The last time the O’s were playing playoff baseball, names like Manny Machado, Matt Wieters, and Adam Jones were on the roster. As solid a team as that was, we’re now looking at a roster that features Rutschman, Henderson, Jordan Westburg, and Cedric Mullins, to say nothing of their relief arms serving as a pillar.
Given what they’ve overcome in perhaps the league’s best division, on top of boasting some of the league’s brightest up-and-coming stars, the Orioles are an easy team to root for. Maybe the easiest of any current contenders?
Last Postseason Appearance: 2022 (ALDS)
The Seattle Mariners were in the playoffs just last year. So why should we invest in a team who was just there? For one, that postseason appearance—which unceremoniously culminated in a quick sweep at the hands of division rival Houston—was their first in over two decades. For another, they have Julio Rodríguez traversing their outfield.
Seattle got off to a slow start to the year. On July 1st, they were fourth in the AL West. They sat 10 games out of the division and had seven teams ahead of them in the wild-card race.
Since that point, the M’s have been elite in just about every facet. They’re fourth in OBP (.341), fifth in ISO (.192), and seventh in runs (221). Their pitching staff has the third-best walk rate (2.27) and second-best ERA (3.29) in the league.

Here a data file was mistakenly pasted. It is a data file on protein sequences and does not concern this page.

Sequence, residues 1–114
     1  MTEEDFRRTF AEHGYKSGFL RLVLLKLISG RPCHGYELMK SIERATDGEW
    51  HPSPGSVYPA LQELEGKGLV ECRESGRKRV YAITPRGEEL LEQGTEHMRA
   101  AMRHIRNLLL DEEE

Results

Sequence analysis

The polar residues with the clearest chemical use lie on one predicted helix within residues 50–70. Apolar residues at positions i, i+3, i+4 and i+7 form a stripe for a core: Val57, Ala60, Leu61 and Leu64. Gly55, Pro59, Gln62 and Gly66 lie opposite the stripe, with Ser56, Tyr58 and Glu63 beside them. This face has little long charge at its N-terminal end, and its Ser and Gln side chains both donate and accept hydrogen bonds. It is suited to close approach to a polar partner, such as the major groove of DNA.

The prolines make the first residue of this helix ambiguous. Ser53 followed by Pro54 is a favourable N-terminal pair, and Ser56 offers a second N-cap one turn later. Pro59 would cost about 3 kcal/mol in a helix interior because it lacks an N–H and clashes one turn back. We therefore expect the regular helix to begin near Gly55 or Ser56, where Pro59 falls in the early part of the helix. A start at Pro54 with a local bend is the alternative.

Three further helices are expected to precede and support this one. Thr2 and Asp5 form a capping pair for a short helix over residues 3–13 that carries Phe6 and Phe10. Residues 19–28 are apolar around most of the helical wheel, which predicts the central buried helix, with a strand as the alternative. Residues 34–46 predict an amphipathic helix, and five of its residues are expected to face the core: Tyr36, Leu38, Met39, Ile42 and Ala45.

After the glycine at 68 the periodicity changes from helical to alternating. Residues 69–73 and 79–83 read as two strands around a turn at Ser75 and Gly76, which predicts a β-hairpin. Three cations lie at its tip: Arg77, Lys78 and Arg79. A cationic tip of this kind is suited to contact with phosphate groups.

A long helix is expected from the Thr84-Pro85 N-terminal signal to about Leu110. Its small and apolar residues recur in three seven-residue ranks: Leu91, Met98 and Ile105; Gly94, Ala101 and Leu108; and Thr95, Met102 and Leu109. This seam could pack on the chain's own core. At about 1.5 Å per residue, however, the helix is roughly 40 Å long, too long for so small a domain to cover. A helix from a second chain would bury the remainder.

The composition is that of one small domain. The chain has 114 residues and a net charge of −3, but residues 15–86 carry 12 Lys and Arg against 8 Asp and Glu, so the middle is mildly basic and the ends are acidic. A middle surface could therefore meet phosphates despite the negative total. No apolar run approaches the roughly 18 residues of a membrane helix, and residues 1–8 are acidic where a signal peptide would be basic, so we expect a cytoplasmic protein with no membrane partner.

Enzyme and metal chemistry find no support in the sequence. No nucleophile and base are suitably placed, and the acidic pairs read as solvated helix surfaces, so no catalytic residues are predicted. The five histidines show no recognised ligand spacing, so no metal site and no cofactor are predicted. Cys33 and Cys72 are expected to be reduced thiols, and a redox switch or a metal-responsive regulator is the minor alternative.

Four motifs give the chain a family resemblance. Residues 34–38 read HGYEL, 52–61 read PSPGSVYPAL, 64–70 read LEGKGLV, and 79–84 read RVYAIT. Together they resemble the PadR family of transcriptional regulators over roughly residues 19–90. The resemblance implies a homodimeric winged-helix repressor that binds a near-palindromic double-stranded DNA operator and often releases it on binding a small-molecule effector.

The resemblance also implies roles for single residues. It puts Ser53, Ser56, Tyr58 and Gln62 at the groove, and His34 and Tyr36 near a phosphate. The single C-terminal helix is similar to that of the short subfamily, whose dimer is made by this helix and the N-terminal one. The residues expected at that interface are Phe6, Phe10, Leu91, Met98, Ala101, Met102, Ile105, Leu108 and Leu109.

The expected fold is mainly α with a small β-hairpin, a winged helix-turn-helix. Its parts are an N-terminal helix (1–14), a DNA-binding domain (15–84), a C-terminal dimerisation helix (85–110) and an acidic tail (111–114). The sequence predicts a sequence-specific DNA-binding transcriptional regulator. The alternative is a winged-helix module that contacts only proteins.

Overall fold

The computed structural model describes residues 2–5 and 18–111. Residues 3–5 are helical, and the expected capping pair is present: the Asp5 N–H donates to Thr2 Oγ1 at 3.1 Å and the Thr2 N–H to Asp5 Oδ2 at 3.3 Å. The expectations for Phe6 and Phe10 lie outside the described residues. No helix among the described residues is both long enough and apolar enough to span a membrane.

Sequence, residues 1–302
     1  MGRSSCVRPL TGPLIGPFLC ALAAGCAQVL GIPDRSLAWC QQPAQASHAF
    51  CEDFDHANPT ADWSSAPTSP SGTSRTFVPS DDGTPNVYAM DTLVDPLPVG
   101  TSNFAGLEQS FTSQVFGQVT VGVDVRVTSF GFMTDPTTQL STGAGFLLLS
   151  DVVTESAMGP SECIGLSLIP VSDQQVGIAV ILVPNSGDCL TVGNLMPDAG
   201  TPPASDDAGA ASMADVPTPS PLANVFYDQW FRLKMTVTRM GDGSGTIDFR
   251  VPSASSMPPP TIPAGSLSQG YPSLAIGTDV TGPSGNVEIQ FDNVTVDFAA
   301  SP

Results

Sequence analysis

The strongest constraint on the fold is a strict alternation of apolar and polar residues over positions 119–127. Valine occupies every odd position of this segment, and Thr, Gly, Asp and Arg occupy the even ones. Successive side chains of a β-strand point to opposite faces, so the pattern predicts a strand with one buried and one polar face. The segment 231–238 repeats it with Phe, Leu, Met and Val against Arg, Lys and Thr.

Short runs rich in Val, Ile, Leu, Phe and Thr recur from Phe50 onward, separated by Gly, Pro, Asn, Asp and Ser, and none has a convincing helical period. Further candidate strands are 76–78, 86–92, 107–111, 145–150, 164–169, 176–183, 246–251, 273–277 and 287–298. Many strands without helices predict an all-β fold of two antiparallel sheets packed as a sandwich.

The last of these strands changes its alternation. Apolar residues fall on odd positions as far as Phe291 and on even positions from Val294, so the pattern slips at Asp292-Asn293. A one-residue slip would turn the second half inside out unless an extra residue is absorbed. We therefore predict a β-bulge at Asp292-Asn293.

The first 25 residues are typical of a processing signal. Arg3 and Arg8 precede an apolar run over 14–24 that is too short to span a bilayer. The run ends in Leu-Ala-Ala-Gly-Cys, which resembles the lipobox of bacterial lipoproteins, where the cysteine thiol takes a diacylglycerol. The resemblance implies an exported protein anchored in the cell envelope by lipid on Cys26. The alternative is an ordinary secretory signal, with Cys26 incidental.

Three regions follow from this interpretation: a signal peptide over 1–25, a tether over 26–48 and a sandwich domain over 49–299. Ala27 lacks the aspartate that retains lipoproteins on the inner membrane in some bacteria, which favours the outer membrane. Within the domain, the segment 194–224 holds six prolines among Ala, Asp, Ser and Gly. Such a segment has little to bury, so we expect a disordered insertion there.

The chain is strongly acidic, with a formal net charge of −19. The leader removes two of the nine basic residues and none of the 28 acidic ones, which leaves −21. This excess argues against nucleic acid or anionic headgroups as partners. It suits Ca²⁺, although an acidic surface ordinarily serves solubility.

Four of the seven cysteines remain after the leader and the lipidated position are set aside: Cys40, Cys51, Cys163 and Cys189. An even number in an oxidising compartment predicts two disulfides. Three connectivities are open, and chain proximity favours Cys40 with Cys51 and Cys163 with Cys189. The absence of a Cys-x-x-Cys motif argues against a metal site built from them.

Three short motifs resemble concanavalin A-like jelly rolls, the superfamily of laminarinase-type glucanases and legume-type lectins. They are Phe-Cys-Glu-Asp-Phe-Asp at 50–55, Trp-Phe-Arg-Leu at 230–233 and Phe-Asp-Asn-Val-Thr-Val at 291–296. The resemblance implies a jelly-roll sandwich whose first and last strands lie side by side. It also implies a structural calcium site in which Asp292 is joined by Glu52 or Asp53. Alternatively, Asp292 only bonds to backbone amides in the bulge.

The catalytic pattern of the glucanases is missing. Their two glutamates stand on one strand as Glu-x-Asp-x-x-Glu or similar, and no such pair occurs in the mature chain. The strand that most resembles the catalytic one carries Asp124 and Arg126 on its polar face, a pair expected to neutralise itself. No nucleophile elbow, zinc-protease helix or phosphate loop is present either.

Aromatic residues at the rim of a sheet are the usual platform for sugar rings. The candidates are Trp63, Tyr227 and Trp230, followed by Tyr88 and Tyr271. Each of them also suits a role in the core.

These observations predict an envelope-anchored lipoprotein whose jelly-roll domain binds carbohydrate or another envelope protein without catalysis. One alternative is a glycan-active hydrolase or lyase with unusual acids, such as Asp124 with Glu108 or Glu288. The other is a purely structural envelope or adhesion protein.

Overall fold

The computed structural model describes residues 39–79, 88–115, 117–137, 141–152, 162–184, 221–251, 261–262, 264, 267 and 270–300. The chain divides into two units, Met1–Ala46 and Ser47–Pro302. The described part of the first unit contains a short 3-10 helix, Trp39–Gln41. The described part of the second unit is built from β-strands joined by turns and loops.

A lineup anchored by Rodríguez, who recently recorded 17 hits in four games, and a pitching staff that features George Kirby, Logan Gilbert, and (more recently) Emerson Hancock may not have quite as much notoriety as the Baltimore lineup, but it’s a fun group.
More importantly, this is one of the most embattled franchises in the history of Major League Baseball. Any time there’s an opportunity to root for this club to make a run, we’ve got to take it. We don’t know how many decades will pass before we have the chance again.
Last Postseason Appearance: 2020 (NL Wild Card)
It’s hard to lend too much credence to any of the fringe clubs that reached the playoffs during the expanded group in 2020. If we wanted to throw it out altogether, the last playoff appearance for this group was in 2013.
Since then, they’ve started and restarted rebuilds, with an owner simultaneously attempting to alienate their entire fanbase. And yet, who’s more fun to root for than these Cincinnati Reds?
It’s not about the drought, either. You could make the argument that it’s nice to see Baltimore in the mix or that Seattle might not have the wait more than a single calendar year to see their group back in the playoffs. With the Reds, we’re just here for the young guns. If we’re looking at “new blood” as a basis for teams we want to see in the playoffs, Cincinnati could be more likely characterized as…”newer blood.”
With almost any other club you’re looking at in the playoff mix, the Reds are, ironically, the greenest. Most teams have a stable of veteran talent; some are stalwarts while others might be journeymen playing a stopgap role. Not so much the case with the Reds.